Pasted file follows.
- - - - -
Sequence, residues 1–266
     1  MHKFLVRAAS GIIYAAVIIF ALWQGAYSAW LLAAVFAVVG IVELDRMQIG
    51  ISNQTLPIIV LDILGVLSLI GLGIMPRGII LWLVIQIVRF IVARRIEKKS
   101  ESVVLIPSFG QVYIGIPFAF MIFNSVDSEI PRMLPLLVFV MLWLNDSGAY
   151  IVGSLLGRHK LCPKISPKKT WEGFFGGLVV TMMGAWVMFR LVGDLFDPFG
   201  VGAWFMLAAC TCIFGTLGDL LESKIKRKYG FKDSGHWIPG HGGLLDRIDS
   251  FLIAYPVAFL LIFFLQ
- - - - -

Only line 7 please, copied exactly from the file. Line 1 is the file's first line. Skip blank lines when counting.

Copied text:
   251  FLIAYPVAFL LIFFLQ